As detailed earlier, there is only little readily-available biographical treatment of Stella Gibbons, and therefore until I investigate thoroughly and with scholarly rigour, the matter has to be left as a mere open question, and the satiric aspect of the text has to be affirmed as the currently-conclusive explanation covering the issues here raised.
The textual concerns begin at the opening of chapter II (p.19 in our Penguin Classics edition) with the narrator's unpleasant-sounding and unnecessary remark that Mrs. Smiling was returning to "....the slums of Mayfair" for something "....which she had noticed in a Jew-Shop." Next is the discovery, at the close of chapter IX, p. 108, of the parodied intellectual "....that his name was not Mybug but Meyerburg and that he lived in Charlotte Street...." Now,
- "Meyerburg" is an emblematic Jewish name,
- the shortening of the name (the sole such in the text) suggests diminution of person,
- "My" makes him property
- "bug" matches the Nazi (mis-)characterisation of the Jews as vermin
- Charlotte Street is a Bloomsbury address, which fits with the text's satire of the entire effected ethos of the Bloomsberries, but it is also a London Jewish neighbourhood (e.g. Virginia Woolf's husband Leonard was Bloomsbury-Jewish.)
The fetishistic attraction of the concept of Will for Fascists ― deriving from the German writer Friedrich Nietzsche's (paradoxically impotent) attempts to valourise what he called Will to Power" ― is set in motto by odious Nazi propagandist Leni Riefenstahl in her film glorification of Fascism The Triumph of the Will.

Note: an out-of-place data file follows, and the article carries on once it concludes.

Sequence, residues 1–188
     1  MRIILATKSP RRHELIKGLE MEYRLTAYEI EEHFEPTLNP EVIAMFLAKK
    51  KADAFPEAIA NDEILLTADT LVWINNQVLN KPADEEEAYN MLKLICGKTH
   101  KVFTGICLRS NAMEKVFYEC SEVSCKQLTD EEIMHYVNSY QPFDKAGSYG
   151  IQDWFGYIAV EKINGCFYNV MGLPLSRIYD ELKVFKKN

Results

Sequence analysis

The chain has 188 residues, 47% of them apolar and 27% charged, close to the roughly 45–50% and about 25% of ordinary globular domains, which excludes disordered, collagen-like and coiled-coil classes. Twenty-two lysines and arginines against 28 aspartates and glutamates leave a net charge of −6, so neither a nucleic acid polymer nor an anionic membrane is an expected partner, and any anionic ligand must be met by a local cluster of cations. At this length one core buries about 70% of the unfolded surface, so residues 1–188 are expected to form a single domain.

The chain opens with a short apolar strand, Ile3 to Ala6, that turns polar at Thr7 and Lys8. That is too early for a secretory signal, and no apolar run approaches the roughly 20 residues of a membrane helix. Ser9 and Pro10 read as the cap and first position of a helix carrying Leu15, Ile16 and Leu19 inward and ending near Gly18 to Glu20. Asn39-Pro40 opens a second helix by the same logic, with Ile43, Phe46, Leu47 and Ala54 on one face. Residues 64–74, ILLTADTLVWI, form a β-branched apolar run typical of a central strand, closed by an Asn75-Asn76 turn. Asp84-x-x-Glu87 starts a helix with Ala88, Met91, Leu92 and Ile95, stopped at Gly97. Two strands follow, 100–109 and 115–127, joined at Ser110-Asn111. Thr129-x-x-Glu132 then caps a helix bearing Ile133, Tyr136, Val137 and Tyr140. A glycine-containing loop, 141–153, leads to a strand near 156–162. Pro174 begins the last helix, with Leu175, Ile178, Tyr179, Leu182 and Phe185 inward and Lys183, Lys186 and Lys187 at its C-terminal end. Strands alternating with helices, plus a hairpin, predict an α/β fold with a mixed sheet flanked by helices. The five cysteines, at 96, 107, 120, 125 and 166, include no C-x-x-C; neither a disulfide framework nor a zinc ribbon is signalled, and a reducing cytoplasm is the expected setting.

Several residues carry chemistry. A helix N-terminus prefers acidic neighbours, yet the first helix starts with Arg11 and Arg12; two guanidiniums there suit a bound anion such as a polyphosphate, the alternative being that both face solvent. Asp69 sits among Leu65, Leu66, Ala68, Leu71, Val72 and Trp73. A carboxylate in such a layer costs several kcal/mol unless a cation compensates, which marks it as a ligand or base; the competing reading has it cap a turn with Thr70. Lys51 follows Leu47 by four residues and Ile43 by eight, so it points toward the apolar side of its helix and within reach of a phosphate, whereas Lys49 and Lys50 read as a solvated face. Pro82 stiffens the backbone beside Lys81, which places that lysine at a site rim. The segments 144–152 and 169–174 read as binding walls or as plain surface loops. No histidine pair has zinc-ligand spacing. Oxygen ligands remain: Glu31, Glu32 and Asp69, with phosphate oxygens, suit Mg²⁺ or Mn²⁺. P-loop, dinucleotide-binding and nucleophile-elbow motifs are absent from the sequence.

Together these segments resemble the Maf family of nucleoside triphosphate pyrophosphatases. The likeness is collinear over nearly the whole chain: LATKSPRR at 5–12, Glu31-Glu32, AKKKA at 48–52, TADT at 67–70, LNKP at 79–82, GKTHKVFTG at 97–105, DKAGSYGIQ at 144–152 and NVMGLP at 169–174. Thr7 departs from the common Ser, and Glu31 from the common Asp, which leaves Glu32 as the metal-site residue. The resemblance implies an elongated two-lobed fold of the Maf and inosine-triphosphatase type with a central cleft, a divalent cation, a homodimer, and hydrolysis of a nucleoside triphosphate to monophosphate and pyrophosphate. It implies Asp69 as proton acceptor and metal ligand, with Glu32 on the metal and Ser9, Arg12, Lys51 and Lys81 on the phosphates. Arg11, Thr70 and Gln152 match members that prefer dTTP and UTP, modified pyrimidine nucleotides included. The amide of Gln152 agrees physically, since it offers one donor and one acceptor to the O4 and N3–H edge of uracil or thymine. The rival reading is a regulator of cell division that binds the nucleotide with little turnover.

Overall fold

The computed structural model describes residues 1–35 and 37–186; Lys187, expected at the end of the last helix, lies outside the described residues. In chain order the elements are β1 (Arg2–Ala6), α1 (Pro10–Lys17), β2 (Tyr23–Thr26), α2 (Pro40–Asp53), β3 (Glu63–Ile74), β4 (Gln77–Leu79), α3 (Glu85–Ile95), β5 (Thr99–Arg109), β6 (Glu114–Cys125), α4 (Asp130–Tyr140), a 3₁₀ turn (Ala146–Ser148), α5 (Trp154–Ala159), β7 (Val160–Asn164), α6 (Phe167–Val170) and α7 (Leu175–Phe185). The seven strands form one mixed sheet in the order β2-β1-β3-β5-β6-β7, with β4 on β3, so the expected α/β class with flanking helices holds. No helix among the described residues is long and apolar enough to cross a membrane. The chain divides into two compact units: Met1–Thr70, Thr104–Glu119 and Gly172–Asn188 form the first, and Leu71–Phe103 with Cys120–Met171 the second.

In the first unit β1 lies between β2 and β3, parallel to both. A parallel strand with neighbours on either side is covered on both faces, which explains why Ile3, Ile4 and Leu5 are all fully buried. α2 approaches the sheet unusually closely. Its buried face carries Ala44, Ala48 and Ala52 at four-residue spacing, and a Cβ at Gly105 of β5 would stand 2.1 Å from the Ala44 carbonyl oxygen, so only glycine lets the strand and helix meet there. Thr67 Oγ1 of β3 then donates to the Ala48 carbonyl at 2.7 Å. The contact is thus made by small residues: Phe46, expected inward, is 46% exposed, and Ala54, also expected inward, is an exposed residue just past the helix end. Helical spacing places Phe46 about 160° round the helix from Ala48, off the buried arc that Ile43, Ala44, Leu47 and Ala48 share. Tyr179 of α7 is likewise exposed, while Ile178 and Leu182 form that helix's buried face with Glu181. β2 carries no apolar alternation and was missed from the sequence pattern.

Flora orients her actions around 'will-to-power': power for its own sake. The representation of Flora's attitude to will and power by Gibbons is chilling.
- p.75: "And yet she shrank from boldly entering the kitchen where the family sat...and introducing herself. Such a move would lower her dignity and, hence, her future power. It was all very difficult"
- p. 129; "Difficult times lay ahead. But this is what Flora liked. She detested rows and scenes, but enjoyed quietly pitting her cool will against opposition. It amused her; and when she was defeated, she withdrew in good order and lost interest in the campaign. She had little or no sporting spirit. Bloody battles to the death bored her, nor did she like other people to win.
....a copy of the 'Internationally Progressive Farmers' Guide and Helpmeet', which Flora had ordered from London, where it was printed by some Russian friends of hers living in West Kensington' (p.195)is unmistakably a typical Flora Poste attempt to modernise, here in a Communist direction, life at Cold Comfort Farm: the specific textual referent is on p. 172:
....Aunt Ada could dimly be discerned beating at everybody with the 'Milk Producers' Weekly Bulletin and Cowkeepers' Guide', and shrilly screaming....Again, this is a pattern, but entirely inconclusive without biographical support, and should simply be allowed to stand as an illustration of a certain cast of scholarly mind, under the prick of sensible vigilance that the evil of fascism unceasingly demands.
Update: reference to the existence (not to the validity) of charges of fascism against English 1930s literati can be found in academic literary journals. See, e.g. Death of a Porcupine: D. H. Lawrence and his Successors. Author(s): John Fordham A1 A1 Middlesex University. Journal: Literature & History. ISSN: 0306-1973. Volume 9 Issue 1, Spring 2000, pp 56-66 (Available in online .pdf form through http://www.lib.sfu.ca/)
Update 2: An excellent way to understand how the abortive Fascict movement in England was .... aborted? is to read this article in the Atlantic Monthly by the uneavenly creditable Christopher Hitchens on a recent biography of the sublime P.G. Wodehouse. The portion available for free viewing treats of Wodehouse's supreme instance of the typical English derogation of Mosley. But best is to obtain your own copy of The Code of the Woosters.